Wat Phus lower section.
Wat Phu's lower section.
Wat Phus causeway to the middle s…
Wat Phu's causeway to the middle …
View from Wat Phus middle section.
View from Wat Phu's middle section.
Moving up towards Wat Phus Top Se…
Moving up towards Wat Phu's Top S…
Moving up towards Wat Phus Top Se…
Moving up towards Wat Phu's Top S…
Baking rice pancakes.
Baking rice pancakes.
Wat Phus sanctuary at the Top Sec…
Wat Phu's sanctuary at the Top Se…
Wat Phus sanctuary at the Top Sec…
Wat Phu's sanctuary at the Top Se…
Stone carvings at Wat Phus sanctu…
Stone carvings at Wat Phu's sanct…
Stone carvings at Wat Phus sanctu…
Stone carvings at Wat Phu's sanct…
Stone carvings at Wat Phus sanctu…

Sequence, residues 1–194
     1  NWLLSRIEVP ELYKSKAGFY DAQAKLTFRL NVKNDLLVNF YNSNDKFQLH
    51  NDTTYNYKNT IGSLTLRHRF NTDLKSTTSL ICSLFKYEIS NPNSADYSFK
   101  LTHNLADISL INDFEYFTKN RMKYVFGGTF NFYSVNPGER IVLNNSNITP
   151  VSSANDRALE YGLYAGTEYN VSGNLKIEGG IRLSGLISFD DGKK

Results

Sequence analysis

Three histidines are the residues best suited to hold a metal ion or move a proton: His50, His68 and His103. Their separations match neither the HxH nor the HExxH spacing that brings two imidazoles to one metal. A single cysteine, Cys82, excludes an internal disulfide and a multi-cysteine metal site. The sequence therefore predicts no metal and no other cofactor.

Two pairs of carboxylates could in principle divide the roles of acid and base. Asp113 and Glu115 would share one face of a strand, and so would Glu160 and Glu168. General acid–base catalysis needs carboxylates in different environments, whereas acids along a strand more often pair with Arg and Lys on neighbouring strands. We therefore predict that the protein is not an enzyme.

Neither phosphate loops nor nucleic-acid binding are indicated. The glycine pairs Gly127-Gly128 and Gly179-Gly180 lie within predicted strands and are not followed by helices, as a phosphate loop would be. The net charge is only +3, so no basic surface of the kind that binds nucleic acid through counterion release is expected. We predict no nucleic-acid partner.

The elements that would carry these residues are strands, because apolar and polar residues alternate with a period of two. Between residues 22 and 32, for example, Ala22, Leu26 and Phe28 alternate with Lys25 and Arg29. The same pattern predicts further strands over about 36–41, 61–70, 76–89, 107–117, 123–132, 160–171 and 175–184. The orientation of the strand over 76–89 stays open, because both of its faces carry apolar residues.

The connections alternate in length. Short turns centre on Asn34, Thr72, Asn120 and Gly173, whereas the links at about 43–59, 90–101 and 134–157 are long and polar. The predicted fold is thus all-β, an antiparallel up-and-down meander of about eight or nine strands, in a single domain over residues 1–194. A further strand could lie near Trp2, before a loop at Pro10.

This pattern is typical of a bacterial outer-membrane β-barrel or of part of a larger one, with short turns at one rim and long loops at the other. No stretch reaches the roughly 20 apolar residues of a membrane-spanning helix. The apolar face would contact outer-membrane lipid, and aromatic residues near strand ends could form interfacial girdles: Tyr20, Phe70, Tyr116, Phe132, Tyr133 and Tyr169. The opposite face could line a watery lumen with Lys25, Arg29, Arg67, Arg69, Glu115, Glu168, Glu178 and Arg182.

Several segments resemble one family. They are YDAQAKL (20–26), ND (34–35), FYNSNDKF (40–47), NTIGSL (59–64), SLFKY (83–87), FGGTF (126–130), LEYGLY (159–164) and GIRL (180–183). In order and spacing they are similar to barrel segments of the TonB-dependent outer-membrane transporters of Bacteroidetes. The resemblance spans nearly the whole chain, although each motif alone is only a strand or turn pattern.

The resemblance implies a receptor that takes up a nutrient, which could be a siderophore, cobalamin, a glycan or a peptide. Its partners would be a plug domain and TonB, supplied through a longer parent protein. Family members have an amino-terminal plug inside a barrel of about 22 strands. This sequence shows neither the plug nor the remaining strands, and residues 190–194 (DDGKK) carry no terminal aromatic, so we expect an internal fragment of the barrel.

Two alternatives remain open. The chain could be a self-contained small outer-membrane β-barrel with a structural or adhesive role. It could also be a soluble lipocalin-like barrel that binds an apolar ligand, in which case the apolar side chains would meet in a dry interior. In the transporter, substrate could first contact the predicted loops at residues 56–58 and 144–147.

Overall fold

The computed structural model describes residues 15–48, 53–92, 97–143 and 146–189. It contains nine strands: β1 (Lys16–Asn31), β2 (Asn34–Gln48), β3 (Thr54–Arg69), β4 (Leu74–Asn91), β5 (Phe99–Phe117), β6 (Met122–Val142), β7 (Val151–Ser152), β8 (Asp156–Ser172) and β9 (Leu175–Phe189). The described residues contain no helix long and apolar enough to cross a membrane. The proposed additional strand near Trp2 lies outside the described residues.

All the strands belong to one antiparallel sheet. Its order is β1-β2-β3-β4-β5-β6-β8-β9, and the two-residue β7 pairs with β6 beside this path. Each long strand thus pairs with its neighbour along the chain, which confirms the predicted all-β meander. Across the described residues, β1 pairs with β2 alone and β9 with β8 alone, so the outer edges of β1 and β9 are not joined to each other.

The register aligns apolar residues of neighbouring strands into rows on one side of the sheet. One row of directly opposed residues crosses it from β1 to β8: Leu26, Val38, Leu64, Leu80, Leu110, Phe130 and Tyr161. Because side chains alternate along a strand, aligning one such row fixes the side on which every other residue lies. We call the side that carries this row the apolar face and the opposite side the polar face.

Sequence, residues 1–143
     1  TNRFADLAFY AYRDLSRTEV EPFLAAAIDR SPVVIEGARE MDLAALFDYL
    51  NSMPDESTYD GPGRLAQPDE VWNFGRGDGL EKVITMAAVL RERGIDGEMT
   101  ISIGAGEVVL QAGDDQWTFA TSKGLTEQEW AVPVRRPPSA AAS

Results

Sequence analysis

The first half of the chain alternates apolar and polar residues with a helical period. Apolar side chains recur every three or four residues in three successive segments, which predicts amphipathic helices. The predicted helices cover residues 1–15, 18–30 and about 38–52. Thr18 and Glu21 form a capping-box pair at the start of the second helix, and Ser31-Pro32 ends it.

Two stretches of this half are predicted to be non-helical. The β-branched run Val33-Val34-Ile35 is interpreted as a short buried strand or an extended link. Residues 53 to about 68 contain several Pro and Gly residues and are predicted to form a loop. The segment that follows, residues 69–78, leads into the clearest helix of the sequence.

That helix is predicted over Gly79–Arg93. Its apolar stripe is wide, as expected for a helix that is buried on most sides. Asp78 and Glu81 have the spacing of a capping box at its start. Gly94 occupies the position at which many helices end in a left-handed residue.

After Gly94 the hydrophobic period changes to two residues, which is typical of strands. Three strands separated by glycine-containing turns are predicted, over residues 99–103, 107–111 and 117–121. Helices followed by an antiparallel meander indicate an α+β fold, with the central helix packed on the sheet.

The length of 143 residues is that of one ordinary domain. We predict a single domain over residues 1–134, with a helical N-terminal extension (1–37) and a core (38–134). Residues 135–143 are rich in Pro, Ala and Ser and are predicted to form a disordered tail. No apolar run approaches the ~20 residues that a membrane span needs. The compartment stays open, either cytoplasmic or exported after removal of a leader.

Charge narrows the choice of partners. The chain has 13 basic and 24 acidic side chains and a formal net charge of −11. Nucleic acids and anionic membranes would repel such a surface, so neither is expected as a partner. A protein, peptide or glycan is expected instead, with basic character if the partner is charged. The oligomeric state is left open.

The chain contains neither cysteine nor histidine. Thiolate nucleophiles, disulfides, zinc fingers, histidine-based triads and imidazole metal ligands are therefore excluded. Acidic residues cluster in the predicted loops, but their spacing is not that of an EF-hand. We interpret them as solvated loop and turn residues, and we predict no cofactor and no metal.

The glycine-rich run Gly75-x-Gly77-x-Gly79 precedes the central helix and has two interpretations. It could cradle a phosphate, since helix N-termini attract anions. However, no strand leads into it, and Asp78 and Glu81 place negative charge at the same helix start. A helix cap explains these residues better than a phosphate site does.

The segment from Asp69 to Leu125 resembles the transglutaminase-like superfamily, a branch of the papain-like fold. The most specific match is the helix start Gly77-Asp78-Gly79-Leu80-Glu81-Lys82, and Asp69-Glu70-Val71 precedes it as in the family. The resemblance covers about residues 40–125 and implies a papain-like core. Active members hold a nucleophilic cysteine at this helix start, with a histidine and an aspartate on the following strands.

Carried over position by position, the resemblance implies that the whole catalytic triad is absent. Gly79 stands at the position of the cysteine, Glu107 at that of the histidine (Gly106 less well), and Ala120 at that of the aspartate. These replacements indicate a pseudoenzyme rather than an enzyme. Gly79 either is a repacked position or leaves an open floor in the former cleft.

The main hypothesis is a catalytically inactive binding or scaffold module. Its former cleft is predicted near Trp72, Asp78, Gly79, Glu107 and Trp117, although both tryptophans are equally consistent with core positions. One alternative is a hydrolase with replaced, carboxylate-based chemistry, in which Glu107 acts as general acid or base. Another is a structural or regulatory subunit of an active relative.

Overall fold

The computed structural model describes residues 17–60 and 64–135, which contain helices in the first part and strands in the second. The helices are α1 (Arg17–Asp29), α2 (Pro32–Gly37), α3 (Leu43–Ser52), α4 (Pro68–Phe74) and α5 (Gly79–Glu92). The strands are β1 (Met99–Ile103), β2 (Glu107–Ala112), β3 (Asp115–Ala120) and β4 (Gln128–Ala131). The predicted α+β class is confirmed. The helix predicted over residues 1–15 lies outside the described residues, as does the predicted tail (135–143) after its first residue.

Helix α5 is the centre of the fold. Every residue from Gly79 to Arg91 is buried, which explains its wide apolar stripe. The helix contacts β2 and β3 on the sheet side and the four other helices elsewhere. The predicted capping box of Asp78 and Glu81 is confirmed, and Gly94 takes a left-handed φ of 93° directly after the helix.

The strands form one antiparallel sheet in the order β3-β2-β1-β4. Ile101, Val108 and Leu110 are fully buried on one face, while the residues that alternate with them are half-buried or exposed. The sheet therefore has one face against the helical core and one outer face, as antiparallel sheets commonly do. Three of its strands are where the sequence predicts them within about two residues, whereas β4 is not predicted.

Stone carvings at Wat Phu's sanct…
Stone carvings at Wat Phus sanctu…
Stone carvings at Wat Phu's sanct…
Wat Phus sanctuary at the Top Sec…
Wat Phu's sanctuary at the Top Se…
Inside Wat Phus sanctuary.
Inside Wat Phu's sanctuary.
Fortunetelling inside Wat Phus sa…
Fortunetelling inside Wat Phu's s…
Wat Phus spring and yoni.
Wat Phu's spring and yoni.
View from Wat Phus Top Section.
View from Wat Phu's Top Section.
View from Wat Phus Top Section.
View from Wat Phu's Top Section.
At the Khon Phapheng falls.
At the Khon Phapheng falls.
At the Khon Phapheng falls.
At the Khon Phapheng falls.
At the Khon Phapheng falls.
At the Khon Phapheng falls.
At the Khon Phapheng falls.
At the Khon Phapheng falls.
At the Khon Phapheng falls.
At the Khon Phapheng falls.
At the Khon Phapheng falls.
At the Khon Phapheng falls.
Car trouble ...
Car trouble ...
... while night falls over Siphand…
... while night falls over Siphan…
Finally on the ferry to Don Khong.
Finally on the ferry to Don Khong.
Khong Island
photo by: edsander